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Nature's GhostsConfronting Extinction from the Age of Jefferson to the Age of Ecology$
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Mark V. Barrow Jr.

Print publication date: 2009

Print ISBN-13: 9780226038148

Published to Chicago Scholarship Online: March 2013

DOI: 10.7208/chicago/9780226038155.001.0001

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Paradise Lost Unraveling the Mysteries of Insular Species

Paradise Lost Unraveling the Mysteries of Insular Species

(p.47) Chapter Two Paradise Lost Unraveling the Mysteries of Insular Species
Nature's Ghosts
University of Chicago Press

By the early decades of the nineteenth century, the idea that myriad species had suffered extinction over the eons of time since the earth's origin presented a formidable challenge to the hoary notion of a static universe. Islands proved a particularly appealing site for naturalists struggling to understand how and why species came to be distributed. This chapter explores the growing interest in insular species and insular extinctions during the middle decades of the nineteenth century. It shows how, within a relatively short period in the 1830s and 1840s, naturalists reconstructed the story of the dodo, the moa, and the great auk. These pioneering studies provided early, well-documented, and widely accessible examples of human-induced extinction, and, in the case of the dodo, offered what would become the paradigmatic case of this phenomenon. The chapter also examines the critical role that observations about insular species played in the development of Charles Darwin's theory of evolution by natural selection. Darwin's theory of evolution provided a coherence to the previously puzzling patterns of insular biogeography.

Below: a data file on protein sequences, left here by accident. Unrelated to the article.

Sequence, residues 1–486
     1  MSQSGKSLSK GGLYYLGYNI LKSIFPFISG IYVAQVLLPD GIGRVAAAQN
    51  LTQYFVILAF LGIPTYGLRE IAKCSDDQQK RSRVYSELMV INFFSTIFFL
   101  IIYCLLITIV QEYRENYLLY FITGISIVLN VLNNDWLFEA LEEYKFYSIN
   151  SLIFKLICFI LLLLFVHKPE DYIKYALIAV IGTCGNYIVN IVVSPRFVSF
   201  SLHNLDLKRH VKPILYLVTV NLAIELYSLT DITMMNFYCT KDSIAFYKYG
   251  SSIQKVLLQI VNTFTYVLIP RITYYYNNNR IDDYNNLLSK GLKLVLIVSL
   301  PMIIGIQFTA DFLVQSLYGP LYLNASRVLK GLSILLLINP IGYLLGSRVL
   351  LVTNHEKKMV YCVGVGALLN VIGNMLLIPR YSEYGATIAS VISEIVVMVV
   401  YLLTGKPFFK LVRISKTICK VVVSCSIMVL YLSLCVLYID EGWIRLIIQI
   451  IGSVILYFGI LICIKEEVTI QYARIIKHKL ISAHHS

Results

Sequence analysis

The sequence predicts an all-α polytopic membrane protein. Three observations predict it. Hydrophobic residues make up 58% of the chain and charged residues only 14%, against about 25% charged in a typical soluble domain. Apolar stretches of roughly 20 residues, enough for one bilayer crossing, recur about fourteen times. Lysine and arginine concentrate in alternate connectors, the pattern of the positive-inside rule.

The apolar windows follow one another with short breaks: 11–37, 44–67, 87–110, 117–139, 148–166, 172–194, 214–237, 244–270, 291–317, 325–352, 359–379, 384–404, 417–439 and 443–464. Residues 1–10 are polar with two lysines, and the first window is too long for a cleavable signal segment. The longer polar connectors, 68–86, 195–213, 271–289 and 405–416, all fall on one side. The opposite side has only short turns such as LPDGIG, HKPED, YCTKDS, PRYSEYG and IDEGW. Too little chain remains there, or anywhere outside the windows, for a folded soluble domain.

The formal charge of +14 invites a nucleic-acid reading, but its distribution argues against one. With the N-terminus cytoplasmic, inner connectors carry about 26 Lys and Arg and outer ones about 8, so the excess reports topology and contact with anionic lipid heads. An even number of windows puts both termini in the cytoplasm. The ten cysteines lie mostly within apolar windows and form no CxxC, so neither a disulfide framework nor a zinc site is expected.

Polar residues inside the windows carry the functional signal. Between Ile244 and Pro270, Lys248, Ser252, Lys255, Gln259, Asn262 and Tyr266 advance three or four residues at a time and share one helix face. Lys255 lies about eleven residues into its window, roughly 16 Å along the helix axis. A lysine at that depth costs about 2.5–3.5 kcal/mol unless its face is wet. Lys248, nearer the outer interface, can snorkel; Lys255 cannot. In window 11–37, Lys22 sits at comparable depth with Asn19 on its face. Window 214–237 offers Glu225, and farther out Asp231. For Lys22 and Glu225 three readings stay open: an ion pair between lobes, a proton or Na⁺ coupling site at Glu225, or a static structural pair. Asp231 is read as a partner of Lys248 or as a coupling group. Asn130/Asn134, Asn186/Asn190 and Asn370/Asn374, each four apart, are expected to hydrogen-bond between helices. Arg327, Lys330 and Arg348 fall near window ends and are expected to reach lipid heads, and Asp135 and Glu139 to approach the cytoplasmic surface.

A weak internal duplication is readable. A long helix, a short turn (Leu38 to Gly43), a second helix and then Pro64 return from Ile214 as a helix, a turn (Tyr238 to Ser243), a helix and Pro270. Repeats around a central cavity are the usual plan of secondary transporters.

Keywords:   insular species, extinction, naturalists, dodo, moa, great auk, Charles Darwin, evolution, biogeography

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